Dr. Ellis D. Miner received a BS in Physics at Utah State University in 1961 and a PhD in Astrophysics at Brigham Young University in 1965. He worked as a Space Scientist at NASA’s Jet Propulsion Laboratory in Pasadena from 1965 until his retirement in 2005. Since that time he and his wife have been service missionaries at the Los Angeles Family History Library three days a week. Dr. Miner has served in a variety of leadership and teaching callings in the LDS Church. He is also the author or lead author of four books on the giant planets of the solar system and has edited numerous other professional and children’s books on solar system astronomy.
Professionally, Cheri is a math teacher with degrees in psychology, sociology, human and child development, and master’s in education. She became a National Board Certified Teacher, the most prestigious and highest teaching credential in the educational world.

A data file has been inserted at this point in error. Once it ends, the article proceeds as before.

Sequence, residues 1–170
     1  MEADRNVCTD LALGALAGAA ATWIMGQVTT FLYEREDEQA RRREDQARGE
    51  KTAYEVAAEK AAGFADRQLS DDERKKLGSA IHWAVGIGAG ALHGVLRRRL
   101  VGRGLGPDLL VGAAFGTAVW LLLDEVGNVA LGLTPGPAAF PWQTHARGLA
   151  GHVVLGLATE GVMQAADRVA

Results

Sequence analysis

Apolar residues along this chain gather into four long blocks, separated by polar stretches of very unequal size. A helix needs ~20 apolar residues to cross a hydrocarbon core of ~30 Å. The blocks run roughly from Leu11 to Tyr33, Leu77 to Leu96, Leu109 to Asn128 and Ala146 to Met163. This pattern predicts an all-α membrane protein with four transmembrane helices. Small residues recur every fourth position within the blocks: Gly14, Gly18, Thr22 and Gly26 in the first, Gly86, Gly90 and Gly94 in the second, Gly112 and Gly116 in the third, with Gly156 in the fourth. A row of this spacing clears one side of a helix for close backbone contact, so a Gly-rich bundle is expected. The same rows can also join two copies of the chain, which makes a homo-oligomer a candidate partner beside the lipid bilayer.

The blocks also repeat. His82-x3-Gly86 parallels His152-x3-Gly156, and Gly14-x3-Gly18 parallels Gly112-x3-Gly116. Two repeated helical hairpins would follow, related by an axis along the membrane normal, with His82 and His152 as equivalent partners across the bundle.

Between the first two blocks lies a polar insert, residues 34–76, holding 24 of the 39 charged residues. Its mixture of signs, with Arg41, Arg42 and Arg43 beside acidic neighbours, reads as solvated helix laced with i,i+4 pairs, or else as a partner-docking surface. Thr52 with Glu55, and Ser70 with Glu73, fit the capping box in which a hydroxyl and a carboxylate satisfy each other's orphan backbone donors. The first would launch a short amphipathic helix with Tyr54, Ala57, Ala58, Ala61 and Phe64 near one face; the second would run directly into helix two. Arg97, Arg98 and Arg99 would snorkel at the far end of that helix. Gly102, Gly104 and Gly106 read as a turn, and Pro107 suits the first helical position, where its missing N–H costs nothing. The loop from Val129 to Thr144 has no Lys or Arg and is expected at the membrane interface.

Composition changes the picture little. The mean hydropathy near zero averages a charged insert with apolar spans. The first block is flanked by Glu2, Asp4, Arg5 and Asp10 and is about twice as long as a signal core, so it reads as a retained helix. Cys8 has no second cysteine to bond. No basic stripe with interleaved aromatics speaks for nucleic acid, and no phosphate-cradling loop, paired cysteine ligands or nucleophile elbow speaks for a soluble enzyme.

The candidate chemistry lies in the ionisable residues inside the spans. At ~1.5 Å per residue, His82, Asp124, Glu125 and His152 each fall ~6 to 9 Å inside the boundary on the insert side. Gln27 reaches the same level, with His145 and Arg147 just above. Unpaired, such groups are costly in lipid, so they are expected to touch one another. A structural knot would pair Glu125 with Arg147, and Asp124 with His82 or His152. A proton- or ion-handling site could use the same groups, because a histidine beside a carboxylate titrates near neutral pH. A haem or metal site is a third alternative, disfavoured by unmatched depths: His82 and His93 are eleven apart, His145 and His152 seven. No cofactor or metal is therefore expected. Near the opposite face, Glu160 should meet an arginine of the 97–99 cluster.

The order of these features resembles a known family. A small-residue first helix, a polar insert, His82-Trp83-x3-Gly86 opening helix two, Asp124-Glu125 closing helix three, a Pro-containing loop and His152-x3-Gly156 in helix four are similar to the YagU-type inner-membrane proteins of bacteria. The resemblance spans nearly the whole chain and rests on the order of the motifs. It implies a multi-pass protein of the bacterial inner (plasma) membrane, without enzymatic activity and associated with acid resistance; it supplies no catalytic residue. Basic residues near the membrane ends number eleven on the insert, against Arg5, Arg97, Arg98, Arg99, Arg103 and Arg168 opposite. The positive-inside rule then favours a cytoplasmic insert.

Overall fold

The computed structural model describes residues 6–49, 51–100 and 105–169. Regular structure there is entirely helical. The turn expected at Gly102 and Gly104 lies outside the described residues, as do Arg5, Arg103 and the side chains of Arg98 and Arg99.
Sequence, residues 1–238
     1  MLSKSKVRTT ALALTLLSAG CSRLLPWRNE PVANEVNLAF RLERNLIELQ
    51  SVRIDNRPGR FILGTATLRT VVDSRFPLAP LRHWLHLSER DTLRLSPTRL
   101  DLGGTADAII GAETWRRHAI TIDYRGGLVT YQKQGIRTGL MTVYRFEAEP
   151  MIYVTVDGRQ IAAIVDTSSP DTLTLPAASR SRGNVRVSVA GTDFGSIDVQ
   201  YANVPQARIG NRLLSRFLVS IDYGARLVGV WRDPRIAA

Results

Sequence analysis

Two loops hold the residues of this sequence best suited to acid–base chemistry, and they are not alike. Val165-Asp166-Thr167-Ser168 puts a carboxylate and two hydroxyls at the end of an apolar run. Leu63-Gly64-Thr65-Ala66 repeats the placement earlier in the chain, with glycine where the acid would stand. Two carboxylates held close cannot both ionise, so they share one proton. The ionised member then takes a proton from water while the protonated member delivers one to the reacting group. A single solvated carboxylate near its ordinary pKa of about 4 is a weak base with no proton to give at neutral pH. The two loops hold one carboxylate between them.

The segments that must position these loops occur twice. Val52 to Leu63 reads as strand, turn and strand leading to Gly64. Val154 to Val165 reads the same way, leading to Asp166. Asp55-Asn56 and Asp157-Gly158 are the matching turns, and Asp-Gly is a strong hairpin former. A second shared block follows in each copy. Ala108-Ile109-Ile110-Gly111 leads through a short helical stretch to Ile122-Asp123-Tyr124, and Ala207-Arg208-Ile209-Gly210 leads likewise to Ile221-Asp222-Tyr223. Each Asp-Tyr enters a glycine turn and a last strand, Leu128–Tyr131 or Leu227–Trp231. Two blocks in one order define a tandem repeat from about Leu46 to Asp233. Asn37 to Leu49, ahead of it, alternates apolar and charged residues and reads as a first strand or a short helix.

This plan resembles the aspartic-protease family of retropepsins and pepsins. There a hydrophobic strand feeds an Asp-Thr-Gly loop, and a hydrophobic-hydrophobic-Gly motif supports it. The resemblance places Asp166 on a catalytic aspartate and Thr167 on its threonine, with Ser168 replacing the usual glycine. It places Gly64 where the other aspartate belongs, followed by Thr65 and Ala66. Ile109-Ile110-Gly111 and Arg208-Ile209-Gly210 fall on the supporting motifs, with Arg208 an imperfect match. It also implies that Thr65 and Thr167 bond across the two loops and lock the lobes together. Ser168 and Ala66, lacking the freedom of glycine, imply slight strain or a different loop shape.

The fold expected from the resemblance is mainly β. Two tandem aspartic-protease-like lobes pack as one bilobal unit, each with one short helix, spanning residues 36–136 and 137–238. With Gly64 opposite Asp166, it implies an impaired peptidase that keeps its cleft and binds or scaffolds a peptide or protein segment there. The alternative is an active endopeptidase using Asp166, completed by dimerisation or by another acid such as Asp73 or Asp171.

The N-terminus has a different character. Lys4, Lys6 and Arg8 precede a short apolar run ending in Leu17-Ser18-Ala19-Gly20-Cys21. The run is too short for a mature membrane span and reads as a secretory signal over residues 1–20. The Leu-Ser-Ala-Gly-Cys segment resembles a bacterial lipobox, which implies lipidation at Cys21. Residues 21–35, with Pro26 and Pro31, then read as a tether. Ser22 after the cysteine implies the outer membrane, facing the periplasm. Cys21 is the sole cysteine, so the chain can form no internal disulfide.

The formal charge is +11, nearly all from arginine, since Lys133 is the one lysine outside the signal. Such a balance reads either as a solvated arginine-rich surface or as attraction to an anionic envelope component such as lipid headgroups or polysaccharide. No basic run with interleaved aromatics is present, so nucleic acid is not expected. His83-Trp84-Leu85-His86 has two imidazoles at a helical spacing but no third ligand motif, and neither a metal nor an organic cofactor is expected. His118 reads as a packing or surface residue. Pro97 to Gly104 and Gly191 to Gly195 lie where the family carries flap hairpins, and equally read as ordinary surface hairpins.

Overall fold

The genealogy bug was planted in Cheri with the 5th grade history project. Her maternal grandmother gave her some material which she used. She used it later for a Girl Scout badge and pulled out the information many times and wondered about her family and how she could learn more. Some of this material is still incorporated into her current presentations.
Cheri began her active adult research in 1992, after the death of her remaining grandparents. She has done research in many states, even taking a trip overseas in search of her Portuguese ancestry. In 2006, she became involved in DNA, and was recruited as the Project Co-administrator for the Azores DNA project. She runs five DNA projects and manages mailing lists involving Portuguese-Azorean genealogy.